Why The Islamic State Endures

By Kyle Orton (@KyleWOrton) on March 15, 2017

Brian Fishman’s The Master Plan provides a comprehensive history of the Islamic State’s (IS) strategic evolution, covering the personalities and events that shaped one of the most feared terrorist-insurgent groups that has ever existed. Eminently readable, in places even amusing—no small feat in a book about IS—Fishman flips with ease between the overview and the granular to demonstrate his points, using new sources that will allow as much supplementary research as a reader could wish for, and ties it together in a narrative that will be of use to both specialists and generalists.

Fishman’s title refers to a seven-stage framework, which prescribes key objectives and a timeline toward the establishment of a caliphate in Iraq that can then expand across the region. The plan was drawn up by Sayf al-Adl, the Egyptian military deputy to Osama bin Ladin, in the months after the fall of the Taliban regime in November 2001.

The founder of the IS movement, Abu Musab al-Zarqawi, had not had an easy first meeting with Bin Ladin. Al-Zarqawi agreed with al-Qaeda that most Muslims weren’t true believers and that an Islamic state must be formed; yet there was no agreement on what to do with these wayward Muslims or when to establish a religious state. It was al-Adl who convinced Bin Ladin to provide al-Zarqawi with resources and space for a terrorist training camp in Taliban-controlled Afghanistan, in no small part because al-Qaeda needed to offset the power of other Arab jihadists present in the country.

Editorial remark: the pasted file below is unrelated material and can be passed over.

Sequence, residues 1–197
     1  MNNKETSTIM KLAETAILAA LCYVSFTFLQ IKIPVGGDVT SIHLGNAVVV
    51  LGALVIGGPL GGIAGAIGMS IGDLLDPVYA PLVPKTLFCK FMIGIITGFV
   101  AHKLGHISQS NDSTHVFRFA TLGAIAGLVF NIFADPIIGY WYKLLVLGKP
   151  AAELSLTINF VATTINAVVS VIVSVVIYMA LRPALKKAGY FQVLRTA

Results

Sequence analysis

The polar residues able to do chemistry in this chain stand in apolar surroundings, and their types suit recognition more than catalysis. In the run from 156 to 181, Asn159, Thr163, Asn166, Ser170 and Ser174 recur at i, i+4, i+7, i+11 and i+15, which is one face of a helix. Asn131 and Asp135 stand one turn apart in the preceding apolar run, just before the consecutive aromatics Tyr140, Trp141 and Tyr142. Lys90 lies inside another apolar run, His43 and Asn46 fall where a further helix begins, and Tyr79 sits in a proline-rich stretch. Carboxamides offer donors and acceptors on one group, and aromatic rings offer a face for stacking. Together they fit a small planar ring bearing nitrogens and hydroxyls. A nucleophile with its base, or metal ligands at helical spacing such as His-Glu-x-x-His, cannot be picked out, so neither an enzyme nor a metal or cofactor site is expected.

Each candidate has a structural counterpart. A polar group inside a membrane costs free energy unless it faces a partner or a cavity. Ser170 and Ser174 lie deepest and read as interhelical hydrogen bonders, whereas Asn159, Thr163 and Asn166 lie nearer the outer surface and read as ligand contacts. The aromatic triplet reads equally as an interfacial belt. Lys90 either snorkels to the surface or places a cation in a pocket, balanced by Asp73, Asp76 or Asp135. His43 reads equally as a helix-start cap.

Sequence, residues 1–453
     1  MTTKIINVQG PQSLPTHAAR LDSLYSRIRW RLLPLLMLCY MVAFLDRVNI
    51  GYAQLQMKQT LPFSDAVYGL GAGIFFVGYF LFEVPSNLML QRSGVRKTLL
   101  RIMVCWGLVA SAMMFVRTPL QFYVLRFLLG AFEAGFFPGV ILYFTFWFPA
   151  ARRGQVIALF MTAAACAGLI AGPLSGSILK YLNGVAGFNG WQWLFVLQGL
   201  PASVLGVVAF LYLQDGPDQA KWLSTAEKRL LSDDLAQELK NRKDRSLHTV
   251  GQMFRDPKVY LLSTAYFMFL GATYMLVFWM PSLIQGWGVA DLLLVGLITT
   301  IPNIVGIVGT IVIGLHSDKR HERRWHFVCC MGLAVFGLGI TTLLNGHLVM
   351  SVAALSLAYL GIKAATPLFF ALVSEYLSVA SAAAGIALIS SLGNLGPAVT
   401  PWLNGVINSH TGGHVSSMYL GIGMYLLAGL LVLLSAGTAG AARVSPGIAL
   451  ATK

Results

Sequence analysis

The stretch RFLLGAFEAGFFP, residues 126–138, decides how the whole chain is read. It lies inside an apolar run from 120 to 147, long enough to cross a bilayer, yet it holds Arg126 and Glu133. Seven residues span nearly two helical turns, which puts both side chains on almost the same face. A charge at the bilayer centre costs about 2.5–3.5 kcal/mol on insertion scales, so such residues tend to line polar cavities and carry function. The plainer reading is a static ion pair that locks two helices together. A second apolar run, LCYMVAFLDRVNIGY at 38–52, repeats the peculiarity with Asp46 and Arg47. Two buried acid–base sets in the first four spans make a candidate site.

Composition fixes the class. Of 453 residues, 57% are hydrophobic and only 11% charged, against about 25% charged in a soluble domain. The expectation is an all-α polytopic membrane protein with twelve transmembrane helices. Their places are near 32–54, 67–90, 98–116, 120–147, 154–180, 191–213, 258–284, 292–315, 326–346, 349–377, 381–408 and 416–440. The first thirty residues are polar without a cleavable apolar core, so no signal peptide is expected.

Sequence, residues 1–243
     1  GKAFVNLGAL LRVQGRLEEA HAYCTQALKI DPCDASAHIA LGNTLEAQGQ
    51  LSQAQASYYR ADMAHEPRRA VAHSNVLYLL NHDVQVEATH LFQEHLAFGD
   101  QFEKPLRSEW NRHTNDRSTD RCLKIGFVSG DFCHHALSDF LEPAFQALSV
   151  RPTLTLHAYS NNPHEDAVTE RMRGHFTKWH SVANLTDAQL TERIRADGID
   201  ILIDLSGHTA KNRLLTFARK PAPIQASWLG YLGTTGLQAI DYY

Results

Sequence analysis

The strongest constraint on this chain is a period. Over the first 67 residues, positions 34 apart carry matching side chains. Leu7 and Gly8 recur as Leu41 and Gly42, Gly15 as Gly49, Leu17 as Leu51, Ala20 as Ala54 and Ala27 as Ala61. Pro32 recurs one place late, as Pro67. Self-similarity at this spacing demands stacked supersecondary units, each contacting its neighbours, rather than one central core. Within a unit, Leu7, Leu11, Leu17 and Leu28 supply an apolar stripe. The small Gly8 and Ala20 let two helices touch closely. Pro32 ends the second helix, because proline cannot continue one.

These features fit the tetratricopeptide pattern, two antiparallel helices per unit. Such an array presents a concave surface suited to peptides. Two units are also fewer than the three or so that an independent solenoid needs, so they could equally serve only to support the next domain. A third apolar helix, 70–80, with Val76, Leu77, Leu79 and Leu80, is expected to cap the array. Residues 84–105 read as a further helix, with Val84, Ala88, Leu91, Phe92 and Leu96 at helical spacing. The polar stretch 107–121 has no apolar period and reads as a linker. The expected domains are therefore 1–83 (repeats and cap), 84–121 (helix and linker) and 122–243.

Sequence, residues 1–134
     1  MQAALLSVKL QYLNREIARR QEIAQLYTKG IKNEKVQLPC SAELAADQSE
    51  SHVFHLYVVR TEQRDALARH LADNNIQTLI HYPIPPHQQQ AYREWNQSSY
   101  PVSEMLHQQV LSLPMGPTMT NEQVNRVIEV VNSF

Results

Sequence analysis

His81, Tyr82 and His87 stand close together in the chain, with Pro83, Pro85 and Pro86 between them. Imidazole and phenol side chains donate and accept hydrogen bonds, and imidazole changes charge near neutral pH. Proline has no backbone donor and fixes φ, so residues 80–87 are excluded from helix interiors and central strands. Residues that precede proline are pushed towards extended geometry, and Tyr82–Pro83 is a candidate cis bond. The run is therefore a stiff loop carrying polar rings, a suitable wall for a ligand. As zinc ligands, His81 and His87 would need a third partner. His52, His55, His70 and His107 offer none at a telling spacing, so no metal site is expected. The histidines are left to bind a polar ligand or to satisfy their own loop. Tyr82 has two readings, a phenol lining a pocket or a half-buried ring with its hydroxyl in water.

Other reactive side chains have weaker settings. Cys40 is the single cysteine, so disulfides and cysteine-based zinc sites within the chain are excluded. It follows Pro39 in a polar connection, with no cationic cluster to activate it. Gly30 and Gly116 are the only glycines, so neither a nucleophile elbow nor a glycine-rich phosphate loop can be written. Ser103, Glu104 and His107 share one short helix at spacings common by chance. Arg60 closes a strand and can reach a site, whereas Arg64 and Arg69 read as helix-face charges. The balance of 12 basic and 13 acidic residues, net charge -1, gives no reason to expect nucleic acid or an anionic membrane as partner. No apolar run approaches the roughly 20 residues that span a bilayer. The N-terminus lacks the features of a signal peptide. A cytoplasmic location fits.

In the aftermath of the Taliban, al-Adl tried to create a more formal alliance between jihadis by bridging the gap in strategic visions between the IS movement and al-Qaeda. He wrote a full history of al-Qaeda’s engagement with al-Zarqawi and the master plan on 42 pages of “yellow, greaseproof paper, each of which had been folded so tightly that it was no larger than a cigarette,” and had it smuggled to Jordanian journalist Fuad Husayn.

Fishman acknowledges that “there is no conclusive evidence that jihadi leaders consulted the master plan in their own decision making,” but “prominent jihadi theorists did use it … to assess al-Qaeda’s ‘progress’ in Iraq”—IS being a formal branch of al-Qaeda between 2004 and 2006 (or until 2014, according to al-Qaeda). Irrespective, the plan remains “a trenchant framework for understanding the processes that led to the Islamic State’s declaration of the caliphate in 2014”. As it happens, the plan predicted—in stage five—the correct timing of the caliphate’s declaration, though this again was likely not a conscious following. It was an operationalisation of the plan’s key insight.

Read the rest at BICOM

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